The economic downturn hit the motorcycle world particularly hard, as many factory-backed road racing efforts closed shop. The decision, while unfortunate, isn’t hard to understand, as racing at the highest levels isn’t cheap, and a factory involvement means added pressure to succeed, which ultimately means spending more money to do so. Through it all, however, […]
MSF Updates RiderCourse Curriculum
The Motorcycle Safety Foundation announced it has updated the curriculum for its Basic RiderCourse training program. The updates include new classroom content as well as new practical exercises, with a strong emphasis on collision avoidance.
The MSF‘s updates are the product of $2.4 million worth of research which began in 2010. The new curriculum includes approximately 40% more content on rider perception and finding escape paths, 30% more on negotiating curves and cornering and 15% more practice time for swerving and other crash-avoidance skills.
“We continue to increase our understanding of rider and other roadway user behaviors to direct improvements in our curricula that lead to improved student outcomes and a safer riding environment overall,” says Dr. Ray Ochs, vice president of training systems for MSF. “We’ve just completed a significant update to our most popular course, the Basic RiderCourse, with new classroom content focused on rider behavior, risk awareness and risk management. And, we’ve added new range exercises that focus on earlier acquisition of fundamental skills with an emphasis on the traffic situations that students will encounter on the road.”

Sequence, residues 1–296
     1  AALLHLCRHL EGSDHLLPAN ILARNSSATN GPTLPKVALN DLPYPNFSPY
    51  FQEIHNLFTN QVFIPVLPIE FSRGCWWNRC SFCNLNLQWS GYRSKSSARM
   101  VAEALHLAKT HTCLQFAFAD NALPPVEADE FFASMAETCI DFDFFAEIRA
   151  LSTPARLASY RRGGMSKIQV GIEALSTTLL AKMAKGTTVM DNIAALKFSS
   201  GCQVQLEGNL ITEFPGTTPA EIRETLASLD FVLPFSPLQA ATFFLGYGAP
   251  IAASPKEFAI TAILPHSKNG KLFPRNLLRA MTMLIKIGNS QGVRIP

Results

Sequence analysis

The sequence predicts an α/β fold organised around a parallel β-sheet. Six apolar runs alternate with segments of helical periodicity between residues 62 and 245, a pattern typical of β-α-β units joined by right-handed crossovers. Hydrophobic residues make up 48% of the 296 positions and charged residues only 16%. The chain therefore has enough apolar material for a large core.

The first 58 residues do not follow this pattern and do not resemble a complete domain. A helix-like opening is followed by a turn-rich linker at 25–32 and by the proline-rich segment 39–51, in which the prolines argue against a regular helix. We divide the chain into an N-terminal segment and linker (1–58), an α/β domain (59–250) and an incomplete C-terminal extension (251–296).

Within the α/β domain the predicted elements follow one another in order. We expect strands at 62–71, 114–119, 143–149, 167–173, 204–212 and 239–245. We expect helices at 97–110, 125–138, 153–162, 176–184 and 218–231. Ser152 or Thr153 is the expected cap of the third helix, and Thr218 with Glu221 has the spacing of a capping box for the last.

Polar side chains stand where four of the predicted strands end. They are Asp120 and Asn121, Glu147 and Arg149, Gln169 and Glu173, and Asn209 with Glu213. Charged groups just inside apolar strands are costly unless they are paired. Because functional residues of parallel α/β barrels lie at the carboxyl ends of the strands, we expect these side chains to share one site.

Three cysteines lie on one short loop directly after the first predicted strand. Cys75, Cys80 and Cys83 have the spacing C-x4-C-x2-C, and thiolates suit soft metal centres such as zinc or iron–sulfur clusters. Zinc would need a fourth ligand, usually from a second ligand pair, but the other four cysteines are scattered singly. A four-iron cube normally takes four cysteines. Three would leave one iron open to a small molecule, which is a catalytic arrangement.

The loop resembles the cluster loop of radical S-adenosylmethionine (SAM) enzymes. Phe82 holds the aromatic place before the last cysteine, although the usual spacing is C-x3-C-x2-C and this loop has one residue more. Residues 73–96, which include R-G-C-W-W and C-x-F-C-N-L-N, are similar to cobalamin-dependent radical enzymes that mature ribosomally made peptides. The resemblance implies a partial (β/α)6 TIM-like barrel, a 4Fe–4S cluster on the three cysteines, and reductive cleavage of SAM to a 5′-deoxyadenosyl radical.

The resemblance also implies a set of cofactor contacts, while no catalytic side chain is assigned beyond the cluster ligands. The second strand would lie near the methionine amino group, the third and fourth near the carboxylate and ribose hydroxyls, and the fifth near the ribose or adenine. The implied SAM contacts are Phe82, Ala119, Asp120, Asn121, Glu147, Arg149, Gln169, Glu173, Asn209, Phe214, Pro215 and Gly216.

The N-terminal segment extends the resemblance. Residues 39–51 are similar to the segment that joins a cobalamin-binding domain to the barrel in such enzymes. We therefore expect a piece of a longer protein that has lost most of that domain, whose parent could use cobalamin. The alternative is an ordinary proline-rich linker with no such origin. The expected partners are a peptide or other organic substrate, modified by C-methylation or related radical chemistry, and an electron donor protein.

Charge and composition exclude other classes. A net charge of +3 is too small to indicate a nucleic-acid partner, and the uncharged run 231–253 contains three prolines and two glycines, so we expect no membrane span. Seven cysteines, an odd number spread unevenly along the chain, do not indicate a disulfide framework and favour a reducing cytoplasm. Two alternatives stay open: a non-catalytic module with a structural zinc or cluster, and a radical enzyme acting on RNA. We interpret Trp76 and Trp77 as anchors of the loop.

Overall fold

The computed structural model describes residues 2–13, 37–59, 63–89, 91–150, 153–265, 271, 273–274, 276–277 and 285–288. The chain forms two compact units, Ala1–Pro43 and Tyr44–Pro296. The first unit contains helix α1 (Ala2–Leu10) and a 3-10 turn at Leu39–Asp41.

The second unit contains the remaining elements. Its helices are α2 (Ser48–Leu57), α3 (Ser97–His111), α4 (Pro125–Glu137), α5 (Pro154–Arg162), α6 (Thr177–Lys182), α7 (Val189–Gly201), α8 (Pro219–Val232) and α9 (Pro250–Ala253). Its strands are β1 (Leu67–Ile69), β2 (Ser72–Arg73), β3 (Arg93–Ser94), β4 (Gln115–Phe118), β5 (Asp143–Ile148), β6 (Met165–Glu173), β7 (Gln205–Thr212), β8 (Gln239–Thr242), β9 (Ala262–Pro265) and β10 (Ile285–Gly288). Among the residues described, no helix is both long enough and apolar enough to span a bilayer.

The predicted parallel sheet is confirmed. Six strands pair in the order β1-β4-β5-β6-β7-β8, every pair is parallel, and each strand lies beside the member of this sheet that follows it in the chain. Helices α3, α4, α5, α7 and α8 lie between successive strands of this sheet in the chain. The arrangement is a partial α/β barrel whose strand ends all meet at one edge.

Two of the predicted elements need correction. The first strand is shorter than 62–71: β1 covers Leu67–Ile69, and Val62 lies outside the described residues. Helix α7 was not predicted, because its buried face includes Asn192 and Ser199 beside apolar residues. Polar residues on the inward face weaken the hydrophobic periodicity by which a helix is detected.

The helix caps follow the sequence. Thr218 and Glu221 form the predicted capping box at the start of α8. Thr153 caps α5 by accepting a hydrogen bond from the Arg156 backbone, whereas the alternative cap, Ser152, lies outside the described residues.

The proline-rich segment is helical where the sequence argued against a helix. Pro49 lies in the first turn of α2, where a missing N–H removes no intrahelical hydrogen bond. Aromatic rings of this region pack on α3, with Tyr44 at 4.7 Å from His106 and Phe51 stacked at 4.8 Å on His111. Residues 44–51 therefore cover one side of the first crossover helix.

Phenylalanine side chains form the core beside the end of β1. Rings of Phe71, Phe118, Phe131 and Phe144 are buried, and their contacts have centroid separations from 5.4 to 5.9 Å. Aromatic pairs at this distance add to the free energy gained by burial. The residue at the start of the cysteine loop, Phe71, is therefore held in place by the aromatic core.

The updates come just as the Governors Highway Safety Association released a report projecting an increase in motorcycle traffic fatalities in 2012. According to the report, motorcycle deaths in the U.S. in 2012 are expected to reach 5,027 riders, up from the 4,612 fatalities reported in 2011.
“The numbers released [yesterday] are a somber reminder that motorcyclist safety should be everyone’s responsibility,” says Tim Buche, MSF president and chief executive officer. “Each of us must do our part in making good decisions on the road so we can eliminate these needless and tragic motorcycle fatalities. Every roadway user needs to be a trained, alert, and active participant in the traffic mix.”
The MSF has also recently published two electronic iBooks, available on Apple’s iTunes store. “Intersection” is about motorcycle awareness and is designed for both riders and other motorists, and “Rider Choices” is designed to help new riders understand the risks involved with motorcycling and how to make informed decisions to ride safely. Both are available for $0.99 for iPads and computers with iTunes.